This market, led by the giants, puts brands at a disadvantage, which no longer have any power over the resale prices of items that are often 50% cheaper online, and which have no knowledge of the players who consume these “used” items. on the most popular platforms. On the buyer’s side, even if some are arming themselves more and more, platforms are increasing problems of authenticity or payment scams, which keep shyer consumers away. After a study[9], “71% of French people say they would buy second-hand luxury goods more often if brands ran their own resales.” While adapting to popular and sustainable circular fashion in the real world is very difficult when you are a luxury brand, the technologies of tomorrow’s world are sure to change the game.

Opportunities of new technologies

With the announcement of web 3.0, several luxury retailers are gradually settling into this new digital universe, commonly known as the “metaverse”. We find in particular the Dolce & Gabbana brand which offered in 2021 to virtually and/or physically acquire one of the 9 unique pieces of the “Genezi Collection” collection on the UNXD platform. In 2022 he participates in the first Fashion Week on the Decentral metaverse together with many others such as Etro, or Giuseppe Zanotti and launches an ephemeral shop that allows users to dress their avatars with the most beautiful pieces of the house. According to one study, Dolce & Gabbana was reportedly reported to be $25.66 million[10] following the various projects on this new universe which constitutes a real potential for the latter given its multiple appearances.

In reality, the presence of luxury brands on Web 3.0 brings them closer to a modern generation that is consuming a lot of these products called “Non Fungible Tokens” (NFT). From a technical point of view, they are certified by the blockchain which guarantees their authenticity, rarity and exclusivity, concepts that cannot be overlooked when talking about luxury. To the delight of these users looking similar to those found on second hand, these NFTs are very easily tradable on this market because all the important information about the life of the item will have been held in the blockchain. : historical holders, price… As a result, the act of resale is greatly facilitated since any question of counterfeiting is excluded.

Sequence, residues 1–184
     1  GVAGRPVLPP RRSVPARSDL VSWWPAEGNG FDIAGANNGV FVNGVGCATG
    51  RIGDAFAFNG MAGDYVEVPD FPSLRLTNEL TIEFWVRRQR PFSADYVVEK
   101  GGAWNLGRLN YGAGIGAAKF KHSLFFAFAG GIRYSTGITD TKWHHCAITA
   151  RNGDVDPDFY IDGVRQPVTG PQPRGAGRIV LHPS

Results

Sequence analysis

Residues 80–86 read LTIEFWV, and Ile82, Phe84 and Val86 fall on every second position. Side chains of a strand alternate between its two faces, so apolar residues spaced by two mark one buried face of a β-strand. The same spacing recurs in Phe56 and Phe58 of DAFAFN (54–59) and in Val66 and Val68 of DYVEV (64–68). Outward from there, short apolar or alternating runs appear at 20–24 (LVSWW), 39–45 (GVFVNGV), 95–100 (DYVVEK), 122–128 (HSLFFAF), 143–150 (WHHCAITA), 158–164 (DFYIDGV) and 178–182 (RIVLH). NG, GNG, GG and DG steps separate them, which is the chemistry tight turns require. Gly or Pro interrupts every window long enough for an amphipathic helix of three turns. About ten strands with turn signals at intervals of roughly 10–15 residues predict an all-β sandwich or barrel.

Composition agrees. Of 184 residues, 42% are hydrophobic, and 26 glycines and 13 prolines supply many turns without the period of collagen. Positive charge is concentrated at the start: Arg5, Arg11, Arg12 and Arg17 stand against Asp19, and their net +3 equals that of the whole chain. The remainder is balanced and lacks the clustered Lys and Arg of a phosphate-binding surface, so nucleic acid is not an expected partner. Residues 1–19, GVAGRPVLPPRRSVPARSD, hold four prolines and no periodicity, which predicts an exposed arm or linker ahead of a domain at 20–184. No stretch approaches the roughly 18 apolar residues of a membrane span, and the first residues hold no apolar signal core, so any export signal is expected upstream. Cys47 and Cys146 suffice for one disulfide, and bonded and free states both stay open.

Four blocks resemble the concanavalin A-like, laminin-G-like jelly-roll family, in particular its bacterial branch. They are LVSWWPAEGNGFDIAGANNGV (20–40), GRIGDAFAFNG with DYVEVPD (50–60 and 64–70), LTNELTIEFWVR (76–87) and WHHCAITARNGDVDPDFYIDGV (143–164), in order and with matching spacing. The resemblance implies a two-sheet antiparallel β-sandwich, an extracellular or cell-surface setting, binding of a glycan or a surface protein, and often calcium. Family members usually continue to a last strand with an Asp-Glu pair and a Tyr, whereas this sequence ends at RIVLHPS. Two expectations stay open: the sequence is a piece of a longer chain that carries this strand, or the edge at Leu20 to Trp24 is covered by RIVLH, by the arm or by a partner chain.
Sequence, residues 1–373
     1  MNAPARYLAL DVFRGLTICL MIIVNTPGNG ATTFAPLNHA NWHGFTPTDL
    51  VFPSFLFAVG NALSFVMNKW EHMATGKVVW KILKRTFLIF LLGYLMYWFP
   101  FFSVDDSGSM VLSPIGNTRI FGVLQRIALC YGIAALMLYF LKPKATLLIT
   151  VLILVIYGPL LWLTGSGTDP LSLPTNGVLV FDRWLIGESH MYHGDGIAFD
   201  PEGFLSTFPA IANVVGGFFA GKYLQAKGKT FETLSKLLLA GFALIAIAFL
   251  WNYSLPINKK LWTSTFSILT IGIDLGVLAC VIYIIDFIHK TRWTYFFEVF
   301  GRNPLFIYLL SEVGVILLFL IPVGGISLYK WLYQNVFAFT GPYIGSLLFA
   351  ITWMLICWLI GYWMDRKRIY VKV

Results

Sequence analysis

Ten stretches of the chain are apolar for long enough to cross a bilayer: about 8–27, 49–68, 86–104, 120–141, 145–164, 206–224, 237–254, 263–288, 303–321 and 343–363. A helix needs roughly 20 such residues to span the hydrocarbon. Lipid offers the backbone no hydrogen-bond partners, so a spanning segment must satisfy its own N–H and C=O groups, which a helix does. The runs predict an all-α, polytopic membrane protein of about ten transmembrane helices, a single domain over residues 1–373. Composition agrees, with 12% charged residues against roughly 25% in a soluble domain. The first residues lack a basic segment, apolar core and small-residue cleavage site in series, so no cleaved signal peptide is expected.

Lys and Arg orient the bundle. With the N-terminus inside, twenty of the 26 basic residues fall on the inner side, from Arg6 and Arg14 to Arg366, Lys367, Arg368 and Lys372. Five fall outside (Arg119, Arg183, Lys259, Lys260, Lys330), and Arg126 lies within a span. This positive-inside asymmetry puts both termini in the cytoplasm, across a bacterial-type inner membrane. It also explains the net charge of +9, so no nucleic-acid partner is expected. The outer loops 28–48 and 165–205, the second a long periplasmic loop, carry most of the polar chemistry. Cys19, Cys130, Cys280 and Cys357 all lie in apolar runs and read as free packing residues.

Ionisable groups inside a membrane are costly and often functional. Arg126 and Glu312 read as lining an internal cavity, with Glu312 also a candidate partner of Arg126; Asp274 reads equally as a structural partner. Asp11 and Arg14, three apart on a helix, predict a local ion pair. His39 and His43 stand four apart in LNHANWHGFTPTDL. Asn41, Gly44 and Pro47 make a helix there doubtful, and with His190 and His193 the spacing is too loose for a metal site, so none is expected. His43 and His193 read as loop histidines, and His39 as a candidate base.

In addition to all the virtues of NFT mentioned above, they have the ability to give luxury brands sovereignty over the second-hand market. Equipped with “smart contract” technology that offers some possibilities such as the generation of “royalties” (remuneration of the brand for each resale of an NFT), luxury labels could thus benefit from a life annuity on their items. Furthermore, this information is hardly overlooked when we know that a Gucci handbag has sold the most in the metaverse[11] than its real-life counterpart. Furthermore, they could also collect data on second-hand players, future prospects of the first-hand market, which, in the form of avatars in the metaverse, will offer brands an unprecedented angle of knowledge.

To establish themselves on the ever-growing second-hand market, luxury brands must free themselves from platforms, approaching generation Z, their main target. Finally, all this effervescence behind this uncertain world where they have the possibility of issuing digital goods associated with their articles, guaranteeing not only perfect confidence with the consumer, but also an economic added value, isn’t it therefore a boon for luxury brands? With more than half in the test/launch phase before 2025[12] luxury brands try it on web 3.0, perhaps without knowing that they have so much to gain.